MELBOURNE (Reuters) - United States captain Tiger Woods attempted to draw a line under Patrick Reed's rules violation at the Hero World Challenge over the weekend when his team touched down in Australia on Monday for this week's Presidents Cup.
Reed received a two-stroke penalty for improving his lie in a bunker on Friday during the third round of the tournament hosted by Woods in the Bahamas, where most of the American team prepared for their trip Down Under.
The penalty meant the 2018 Masters champion missed out on a chance to force a playoff against winner Henrik Stenson at Albany Golf Club, but perhaps more damaging was the widespread condemnation of his actions.
A jet-lagged Woods was asked about the incident after making the long journey to Australia for the 13th edition of the biennial contest at Royal Melbourne, which starts on Thursday.
"Yes, I have spoken to Pat about it, it's behind us, we're onto this week, we're focused on going against this great International team here," the 15-times major winner told reporters at the official launch of the tournament.
"As we all know, Pat was penalized and that was it, end of story. Unfortunately, he missed the playoffs by those two shots but we're looking at this week."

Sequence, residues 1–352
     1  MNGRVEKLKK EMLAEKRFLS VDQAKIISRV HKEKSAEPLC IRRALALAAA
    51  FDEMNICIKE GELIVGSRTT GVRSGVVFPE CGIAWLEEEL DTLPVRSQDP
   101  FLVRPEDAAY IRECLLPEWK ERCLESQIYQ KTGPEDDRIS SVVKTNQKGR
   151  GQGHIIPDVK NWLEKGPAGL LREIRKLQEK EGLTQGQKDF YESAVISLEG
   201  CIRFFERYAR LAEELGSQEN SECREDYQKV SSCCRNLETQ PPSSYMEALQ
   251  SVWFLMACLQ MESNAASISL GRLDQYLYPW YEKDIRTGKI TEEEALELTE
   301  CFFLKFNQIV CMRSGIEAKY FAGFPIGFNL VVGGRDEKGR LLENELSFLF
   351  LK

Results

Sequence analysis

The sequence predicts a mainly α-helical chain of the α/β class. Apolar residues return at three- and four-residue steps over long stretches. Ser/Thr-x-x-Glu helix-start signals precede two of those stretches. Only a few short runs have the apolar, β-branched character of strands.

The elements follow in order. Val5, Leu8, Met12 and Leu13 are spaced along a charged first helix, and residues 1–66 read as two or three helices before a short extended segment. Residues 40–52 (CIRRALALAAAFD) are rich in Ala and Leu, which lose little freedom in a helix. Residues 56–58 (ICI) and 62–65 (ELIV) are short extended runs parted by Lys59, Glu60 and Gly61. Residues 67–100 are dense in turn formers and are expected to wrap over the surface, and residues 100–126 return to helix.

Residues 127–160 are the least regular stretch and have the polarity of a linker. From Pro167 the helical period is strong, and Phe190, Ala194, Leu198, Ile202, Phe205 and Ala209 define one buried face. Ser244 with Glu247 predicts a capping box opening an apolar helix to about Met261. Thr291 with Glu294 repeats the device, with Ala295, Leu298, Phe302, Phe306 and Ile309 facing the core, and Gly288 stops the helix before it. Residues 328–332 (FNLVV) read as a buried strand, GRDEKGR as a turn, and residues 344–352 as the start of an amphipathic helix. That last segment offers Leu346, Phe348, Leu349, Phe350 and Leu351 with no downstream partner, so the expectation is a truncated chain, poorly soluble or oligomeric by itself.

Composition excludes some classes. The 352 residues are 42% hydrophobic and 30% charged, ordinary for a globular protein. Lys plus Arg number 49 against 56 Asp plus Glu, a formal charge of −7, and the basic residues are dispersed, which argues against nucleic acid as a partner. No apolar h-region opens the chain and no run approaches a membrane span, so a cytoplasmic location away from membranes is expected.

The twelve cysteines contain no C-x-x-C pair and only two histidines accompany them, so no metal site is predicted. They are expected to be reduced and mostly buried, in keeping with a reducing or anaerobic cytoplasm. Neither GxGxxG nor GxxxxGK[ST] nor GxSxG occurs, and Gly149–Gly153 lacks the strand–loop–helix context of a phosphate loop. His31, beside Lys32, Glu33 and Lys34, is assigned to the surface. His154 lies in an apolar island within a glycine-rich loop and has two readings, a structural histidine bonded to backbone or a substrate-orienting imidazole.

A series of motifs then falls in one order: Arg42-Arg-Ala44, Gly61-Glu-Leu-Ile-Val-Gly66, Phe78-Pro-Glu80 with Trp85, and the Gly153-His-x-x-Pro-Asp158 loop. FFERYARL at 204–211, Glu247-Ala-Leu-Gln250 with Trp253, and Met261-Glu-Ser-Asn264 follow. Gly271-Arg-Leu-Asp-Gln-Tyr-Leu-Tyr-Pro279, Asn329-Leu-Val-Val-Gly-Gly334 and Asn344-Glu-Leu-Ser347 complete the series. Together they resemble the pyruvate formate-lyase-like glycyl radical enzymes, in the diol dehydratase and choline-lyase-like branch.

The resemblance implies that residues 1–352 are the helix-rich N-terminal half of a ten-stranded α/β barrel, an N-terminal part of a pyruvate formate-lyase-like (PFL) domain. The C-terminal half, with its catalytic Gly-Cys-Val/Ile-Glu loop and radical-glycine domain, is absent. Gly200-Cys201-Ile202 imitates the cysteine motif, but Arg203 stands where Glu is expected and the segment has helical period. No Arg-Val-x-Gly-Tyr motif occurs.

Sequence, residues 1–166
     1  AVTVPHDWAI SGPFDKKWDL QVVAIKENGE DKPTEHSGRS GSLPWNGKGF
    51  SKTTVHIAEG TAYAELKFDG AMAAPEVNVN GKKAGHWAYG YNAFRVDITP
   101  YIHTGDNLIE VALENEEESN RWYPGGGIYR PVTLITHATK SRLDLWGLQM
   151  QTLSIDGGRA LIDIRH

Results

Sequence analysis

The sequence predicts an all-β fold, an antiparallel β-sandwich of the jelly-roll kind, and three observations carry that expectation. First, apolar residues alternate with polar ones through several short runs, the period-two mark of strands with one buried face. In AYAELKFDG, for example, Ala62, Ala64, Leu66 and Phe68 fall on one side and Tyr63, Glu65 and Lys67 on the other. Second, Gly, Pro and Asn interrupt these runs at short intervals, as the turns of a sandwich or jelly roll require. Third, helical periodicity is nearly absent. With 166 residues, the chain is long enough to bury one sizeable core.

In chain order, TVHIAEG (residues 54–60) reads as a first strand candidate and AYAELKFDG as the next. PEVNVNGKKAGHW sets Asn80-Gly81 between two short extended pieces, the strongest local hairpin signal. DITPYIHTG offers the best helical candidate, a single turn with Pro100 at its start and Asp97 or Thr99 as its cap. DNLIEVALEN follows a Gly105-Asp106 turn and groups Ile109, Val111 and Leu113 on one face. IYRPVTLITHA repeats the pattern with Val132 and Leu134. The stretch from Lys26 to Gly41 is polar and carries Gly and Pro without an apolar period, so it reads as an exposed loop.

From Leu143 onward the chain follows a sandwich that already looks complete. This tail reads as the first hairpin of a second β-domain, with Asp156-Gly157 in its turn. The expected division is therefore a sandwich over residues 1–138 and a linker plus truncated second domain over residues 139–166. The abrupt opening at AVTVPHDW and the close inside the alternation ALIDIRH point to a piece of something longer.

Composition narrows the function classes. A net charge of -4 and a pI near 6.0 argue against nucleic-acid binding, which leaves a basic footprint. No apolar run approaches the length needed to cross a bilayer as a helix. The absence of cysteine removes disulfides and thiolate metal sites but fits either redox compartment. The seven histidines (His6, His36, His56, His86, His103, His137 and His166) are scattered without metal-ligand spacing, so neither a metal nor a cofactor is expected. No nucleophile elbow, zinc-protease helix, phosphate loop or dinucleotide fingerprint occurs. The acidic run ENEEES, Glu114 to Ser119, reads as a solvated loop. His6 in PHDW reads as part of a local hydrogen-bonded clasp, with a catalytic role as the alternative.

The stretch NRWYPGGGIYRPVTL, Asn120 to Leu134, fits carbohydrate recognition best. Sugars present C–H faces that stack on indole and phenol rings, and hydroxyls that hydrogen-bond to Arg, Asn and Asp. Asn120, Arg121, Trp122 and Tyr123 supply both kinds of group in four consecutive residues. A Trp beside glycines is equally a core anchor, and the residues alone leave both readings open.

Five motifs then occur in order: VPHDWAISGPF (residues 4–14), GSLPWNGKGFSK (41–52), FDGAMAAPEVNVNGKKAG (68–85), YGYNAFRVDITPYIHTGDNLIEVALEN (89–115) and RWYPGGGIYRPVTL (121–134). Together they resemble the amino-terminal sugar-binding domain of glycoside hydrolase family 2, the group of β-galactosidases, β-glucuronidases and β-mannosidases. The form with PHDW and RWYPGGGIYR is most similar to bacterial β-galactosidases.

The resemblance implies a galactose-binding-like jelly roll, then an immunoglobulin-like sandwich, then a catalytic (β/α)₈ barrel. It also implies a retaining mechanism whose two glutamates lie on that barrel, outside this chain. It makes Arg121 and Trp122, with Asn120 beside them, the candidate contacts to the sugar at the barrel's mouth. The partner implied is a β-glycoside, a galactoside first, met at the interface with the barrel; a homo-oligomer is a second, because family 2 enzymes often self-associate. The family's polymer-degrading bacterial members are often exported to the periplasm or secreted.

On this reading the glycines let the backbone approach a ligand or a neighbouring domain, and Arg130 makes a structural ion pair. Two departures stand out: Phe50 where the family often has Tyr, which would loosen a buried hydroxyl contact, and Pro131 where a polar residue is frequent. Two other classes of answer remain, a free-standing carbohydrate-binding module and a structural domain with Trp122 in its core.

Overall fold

Some Internationals players have suggested Reed might get some flak from the crowd over the incident but Woods said he thought the famous Australian love of sport would ensure a great atmosphere for the contest.
Woods said the team had spent the journey, which he described as "a day to kill in a tin can", resting when they could but also doing some team building and having a bit of fun playing cards.
"It's a great team, a great mix, a couple of older guys but the majority of the team is under 30," he said.
"I'm telling stories about what happened way back in '98 when some of these guys were in diapers.
"To have the opportunity to lead these guys and come down to one of my favorite countries in the world and play one of my favorite golf courses, it's a dream come true."
World number four Justin Thomas was only a couple of hours into his first trip to Australia and, while excited at the prospect of extending the United States's winning streak to eight Presidents Cups, clearly had more immediate priorities.
"It's going to be a great week and we're all looking forward to it, and I'm really looking forward to a great night's sleep tonight," he said.
(Reporting by Nick Mulvenney in Sydney, editing by Peter Rutherford)